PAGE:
Social Issues

Asian-Americans hold 1st official parade in New York with racism on the rise

New York, May 15 (EFE).- Asian-Americans in New York City on Sunday held their first official heritage parade along 6th Avenue in Manhattan during a time when they have been suffering a wave of racist attacks that erupted after the Covid-19 pandemic hit the United States more than two years ago.

The Asian-American and Pacific Islander (AAPI) community thus joins many other ethnic and national groups in the US in holding an annual parade to emphasize their contribution to the creation and development of the country.

Irish, Italians, Scottish, Latin Americans in general and Puerto Ricans in particular are some of the communities in the Big Apple that have designated one day out of the year to turn out and parade along the city’s main avenues to emphasize their origin and presence in the social, economic and political fabric, not only of the New York metro area but nationwide.

New York Mayor Eric Adams said in a speech during the parade that the community is against hatred toward Asian-Americans, against anti-Semitism or hatred against any ethnic group, adding that in his jurisdiction there is no room for racism.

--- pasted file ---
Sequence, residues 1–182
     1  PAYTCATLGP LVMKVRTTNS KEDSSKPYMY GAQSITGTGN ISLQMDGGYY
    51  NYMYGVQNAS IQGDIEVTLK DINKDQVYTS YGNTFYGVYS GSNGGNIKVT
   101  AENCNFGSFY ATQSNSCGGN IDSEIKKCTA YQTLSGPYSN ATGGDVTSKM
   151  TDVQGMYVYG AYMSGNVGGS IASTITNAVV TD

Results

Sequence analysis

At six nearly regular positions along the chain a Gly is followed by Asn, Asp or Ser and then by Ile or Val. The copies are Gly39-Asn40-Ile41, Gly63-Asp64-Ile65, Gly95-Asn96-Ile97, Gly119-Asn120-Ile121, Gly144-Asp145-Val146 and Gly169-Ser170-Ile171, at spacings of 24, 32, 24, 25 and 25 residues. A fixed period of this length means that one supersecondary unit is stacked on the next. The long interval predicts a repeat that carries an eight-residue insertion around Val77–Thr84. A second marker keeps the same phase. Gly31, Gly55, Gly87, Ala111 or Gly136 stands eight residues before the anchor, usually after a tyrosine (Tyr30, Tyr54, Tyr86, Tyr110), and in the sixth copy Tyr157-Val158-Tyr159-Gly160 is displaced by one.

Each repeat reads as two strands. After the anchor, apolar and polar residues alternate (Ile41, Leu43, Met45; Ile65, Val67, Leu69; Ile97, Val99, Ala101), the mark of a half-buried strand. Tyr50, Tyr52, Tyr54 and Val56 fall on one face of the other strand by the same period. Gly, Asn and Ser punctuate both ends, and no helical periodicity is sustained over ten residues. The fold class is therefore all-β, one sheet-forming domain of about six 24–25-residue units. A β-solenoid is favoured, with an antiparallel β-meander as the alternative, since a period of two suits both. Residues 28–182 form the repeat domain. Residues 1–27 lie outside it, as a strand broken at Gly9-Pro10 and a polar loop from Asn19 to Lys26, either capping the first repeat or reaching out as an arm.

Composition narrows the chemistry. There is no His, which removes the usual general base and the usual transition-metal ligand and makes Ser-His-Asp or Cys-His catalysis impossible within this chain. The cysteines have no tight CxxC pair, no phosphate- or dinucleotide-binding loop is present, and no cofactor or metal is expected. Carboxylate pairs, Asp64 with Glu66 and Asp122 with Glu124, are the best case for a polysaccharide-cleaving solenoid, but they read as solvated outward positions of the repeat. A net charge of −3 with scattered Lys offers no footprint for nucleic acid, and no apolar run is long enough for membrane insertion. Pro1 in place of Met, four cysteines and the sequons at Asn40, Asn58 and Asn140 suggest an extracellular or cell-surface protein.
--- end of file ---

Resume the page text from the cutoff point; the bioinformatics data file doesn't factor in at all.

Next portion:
In his brief message, Adams, who acknowledged the contribution of the AAPI community in the city’s progress, also devoted some of his remarks to condemning the mass shooting – apparently perpetrated for racist reasons – carried out by a white 18-year-old gunman at a supermarket in Buffalo, New York.

Ten people died and three others were injured at the hands of the assailant, who was taken into custody by law enforcement, with most of the victims being African American.

The mayor added that people know that they must confront hatred in the US and in New York state, noting that when people join together to hold a parade they are also showing that they accept and respect one another.

New York’s community of Asian origin is the second-largest such community in the US and their first official local parade coincides with the month dedicated to celebrating their achievements and remembering their history at a time when racist attacks are continuing against them.

The Stop AAPI Hate organization said that 10,905 racist incidents against members of this community occurred between March 2020 and December 2021, with 64 percent of them being verbal attacks and 16 percent physical attacks.

The majority of those attacks were staged against women, and – in order of nationality – against Americans or residents with roots in China, South Korea, The Philippines, Japan and Vietnam.

EFE jfu/rrt/bp

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